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ENG writing about 200 字 __ 急!!! 20 分
some tourists say that Hong Kong people are very rude and selfish. Do u agree with them ? 不要對話形式please
- 匿名1 十年前最愛解答
Rudeness and cultural differences
Here in Hong Kong, things often seem no better, but for different reasons. I've tried over my years here to understand Hong Kong-style rudeness, and I've made a couple of observations. They're based to some degree on things I've read about Chinese culture, but they're mostly the products of long and irritating experience.
As a general rule of thumb, I've noticed that Chinese people are nice enough indoors, but put them out in the open air, and you'd better watch your toes, your back, and any other body part that could be stepped on, elbowed, poked with an umbrella, or possibly set afire, assuming the weather's not too wet.
Actually, it's a public/private thing. Chinese culture seems to encourage elaborate politeness when people are known to each other, whether by family, business or other formal organization. Conversely, there's little value placed on public politeness, i.e. being nice to strangers, who at best are treated with detached indifference. This distinction is, I believe, what lies behind so many complaints about 'Hong Kong rudeness' from tourists and expats arriving in Hong Kong. Many of us come from cultures where even strangers smile and say 'Have a nice day!' to each other; this practice is no doubt very shallow, but it's nevertheless expected.
So getting used to indifference is crucial to living peacefully in Hong Kong. But sometimes, of course, it's much worse. As in any big city, Hong Kong provides its residents with plenty of examples of much more aggressive rudeness. There are some unique features to Hong Kong's brand of rudeness, however.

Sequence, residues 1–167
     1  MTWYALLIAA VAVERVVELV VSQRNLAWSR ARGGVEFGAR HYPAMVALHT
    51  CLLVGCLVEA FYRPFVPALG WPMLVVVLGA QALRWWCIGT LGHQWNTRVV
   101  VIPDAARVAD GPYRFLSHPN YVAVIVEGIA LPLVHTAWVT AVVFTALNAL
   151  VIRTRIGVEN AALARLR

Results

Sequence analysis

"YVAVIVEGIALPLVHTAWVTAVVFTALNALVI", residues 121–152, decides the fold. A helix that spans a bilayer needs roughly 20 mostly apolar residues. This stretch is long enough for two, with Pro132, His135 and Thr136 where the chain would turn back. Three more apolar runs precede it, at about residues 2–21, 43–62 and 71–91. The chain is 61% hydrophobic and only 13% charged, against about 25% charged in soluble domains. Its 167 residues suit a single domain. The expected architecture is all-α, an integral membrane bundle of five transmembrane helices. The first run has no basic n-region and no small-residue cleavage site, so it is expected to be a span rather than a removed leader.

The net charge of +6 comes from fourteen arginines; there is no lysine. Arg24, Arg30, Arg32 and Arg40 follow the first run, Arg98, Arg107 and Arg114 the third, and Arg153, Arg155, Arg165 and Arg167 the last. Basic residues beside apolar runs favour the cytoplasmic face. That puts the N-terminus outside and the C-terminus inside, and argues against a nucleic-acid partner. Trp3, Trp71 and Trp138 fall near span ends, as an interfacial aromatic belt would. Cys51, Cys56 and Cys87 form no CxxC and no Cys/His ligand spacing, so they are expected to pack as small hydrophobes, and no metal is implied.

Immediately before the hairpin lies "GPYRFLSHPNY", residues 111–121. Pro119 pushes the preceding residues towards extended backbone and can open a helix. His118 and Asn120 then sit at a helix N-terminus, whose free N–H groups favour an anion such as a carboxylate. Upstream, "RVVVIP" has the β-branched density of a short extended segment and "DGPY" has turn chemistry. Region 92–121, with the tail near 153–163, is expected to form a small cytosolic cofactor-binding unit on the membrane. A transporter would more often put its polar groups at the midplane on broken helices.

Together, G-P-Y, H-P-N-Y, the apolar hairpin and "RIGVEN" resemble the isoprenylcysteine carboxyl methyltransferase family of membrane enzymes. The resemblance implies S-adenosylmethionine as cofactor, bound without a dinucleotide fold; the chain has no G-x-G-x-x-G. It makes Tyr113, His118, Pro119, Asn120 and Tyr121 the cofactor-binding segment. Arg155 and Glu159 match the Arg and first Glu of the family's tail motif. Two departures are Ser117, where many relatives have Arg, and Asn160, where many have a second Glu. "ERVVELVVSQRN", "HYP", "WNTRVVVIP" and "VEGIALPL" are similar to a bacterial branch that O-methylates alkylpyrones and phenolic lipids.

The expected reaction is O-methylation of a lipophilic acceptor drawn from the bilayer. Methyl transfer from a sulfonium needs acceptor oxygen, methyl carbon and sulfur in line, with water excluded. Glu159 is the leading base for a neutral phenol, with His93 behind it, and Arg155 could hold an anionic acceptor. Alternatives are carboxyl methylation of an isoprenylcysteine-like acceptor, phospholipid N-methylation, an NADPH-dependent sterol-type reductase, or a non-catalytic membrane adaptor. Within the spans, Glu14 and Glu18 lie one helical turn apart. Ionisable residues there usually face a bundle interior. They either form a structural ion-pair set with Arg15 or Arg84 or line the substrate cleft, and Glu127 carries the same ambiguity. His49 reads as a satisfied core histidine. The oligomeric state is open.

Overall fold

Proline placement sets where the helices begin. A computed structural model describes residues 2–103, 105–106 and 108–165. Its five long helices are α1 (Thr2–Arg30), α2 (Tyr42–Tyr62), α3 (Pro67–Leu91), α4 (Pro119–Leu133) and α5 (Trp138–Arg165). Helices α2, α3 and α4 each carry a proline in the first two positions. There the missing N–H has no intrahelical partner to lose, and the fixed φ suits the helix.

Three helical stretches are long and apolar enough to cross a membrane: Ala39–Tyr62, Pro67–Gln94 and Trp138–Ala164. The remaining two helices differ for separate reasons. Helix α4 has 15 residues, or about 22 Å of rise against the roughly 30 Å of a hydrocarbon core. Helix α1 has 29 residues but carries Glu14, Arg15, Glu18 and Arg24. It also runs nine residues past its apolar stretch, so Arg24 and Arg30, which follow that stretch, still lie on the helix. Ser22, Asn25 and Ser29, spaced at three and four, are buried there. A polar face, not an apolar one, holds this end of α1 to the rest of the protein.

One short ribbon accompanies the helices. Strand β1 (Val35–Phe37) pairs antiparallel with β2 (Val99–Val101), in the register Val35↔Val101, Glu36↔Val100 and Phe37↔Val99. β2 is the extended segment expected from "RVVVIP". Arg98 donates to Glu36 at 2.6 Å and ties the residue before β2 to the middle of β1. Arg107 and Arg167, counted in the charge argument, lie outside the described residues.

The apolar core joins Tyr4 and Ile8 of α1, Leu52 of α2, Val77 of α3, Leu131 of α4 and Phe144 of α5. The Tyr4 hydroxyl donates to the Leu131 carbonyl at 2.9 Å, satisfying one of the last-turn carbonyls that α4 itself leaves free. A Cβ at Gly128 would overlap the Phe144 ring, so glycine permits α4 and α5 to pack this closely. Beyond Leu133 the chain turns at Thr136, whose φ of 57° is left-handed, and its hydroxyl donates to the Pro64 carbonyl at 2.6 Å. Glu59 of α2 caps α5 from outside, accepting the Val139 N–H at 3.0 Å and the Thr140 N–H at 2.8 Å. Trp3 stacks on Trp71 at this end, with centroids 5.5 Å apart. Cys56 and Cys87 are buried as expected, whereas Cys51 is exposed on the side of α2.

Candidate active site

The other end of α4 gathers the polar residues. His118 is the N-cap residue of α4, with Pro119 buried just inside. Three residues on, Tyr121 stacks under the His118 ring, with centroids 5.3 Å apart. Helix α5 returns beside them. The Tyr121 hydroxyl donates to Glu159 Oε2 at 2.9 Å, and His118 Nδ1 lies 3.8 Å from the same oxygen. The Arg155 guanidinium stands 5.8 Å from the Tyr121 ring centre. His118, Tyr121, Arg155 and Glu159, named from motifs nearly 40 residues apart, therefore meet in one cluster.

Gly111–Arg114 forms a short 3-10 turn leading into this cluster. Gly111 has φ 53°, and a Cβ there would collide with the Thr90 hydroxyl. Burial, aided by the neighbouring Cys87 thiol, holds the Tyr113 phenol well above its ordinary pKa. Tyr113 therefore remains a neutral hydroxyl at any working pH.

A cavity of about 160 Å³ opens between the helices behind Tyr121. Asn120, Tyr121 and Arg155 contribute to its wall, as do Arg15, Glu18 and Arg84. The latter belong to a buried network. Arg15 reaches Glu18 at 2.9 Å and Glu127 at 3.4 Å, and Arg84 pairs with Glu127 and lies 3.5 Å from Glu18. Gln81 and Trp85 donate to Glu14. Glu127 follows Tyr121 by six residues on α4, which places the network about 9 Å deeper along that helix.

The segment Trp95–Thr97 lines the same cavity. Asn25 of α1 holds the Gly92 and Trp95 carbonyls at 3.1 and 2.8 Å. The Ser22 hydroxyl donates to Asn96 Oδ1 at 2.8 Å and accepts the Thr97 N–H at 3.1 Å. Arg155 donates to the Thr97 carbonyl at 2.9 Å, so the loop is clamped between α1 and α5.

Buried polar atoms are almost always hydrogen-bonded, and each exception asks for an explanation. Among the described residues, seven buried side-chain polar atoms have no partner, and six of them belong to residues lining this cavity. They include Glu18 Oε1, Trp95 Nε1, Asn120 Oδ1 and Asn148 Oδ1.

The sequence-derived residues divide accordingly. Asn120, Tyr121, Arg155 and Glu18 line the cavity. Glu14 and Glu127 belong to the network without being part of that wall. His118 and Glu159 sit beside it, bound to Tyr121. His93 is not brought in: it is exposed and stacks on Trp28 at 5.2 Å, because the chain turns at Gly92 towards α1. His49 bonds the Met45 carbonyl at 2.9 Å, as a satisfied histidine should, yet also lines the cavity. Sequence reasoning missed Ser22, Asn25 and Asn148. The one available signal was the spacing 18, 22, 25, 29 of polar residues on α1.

First, there are some cultural differences a non-Hong Konger will note pretty quickly. One such area comprises, to put it bluntly, people openly belching, explosively yawning and engaging in deep, mystical nose-picking. It's not uncommon to see lavish displays of each of these in almost any public place, although Mr Tall is convinced you get the best performances on buses, where the perpetrators really have time to concentrate on their technique. To be fair, these body-function-oriented displays are usually associated with older people, but belches in particular seem to, ummm, rise up all over: Mrs Tall, for example, tells a story of a training seminar she was leading in which one of the participants -- a young woman -- punctuated every few minutes with deep, resonant, soul-satisfying burps, seemingly with no self-consciousness whatever.
On the whole, though, Hong Kong rudeness varies directly with age: older Hong Kong people are, on average, much ruder than younger ones. This is the dead opposite of most western countries, in which you still frequently encounter courtly old gentlemen and refined dames of a certain age, but where the youth have devolved into troglodytes.
No, the working model for Rude Hong Kong is a late-middle-aged housewife. Watch her at the bus queue, as she lurks on the pavement just off to the side, and then, the moment the door opens, as she barges into the bus ahead of those waiting in line. Once inside, see her settle her ample posterior precisely across the crevasse between two seats, fortifying her territory against all pretenders to sitting down. Now hear her on her mobile phone, as she bawls out a running report of her block-by-block location to the poor sod on the other end, as well as to every other sentient life-form on that bus. And then see her in action at a fruit stall in the wet market -- or feel her, to be more accurate -- as she relentlessly shoves you out the way in order to get right up front so she can fondle the mangoes with both hands.
Well, you get the idea.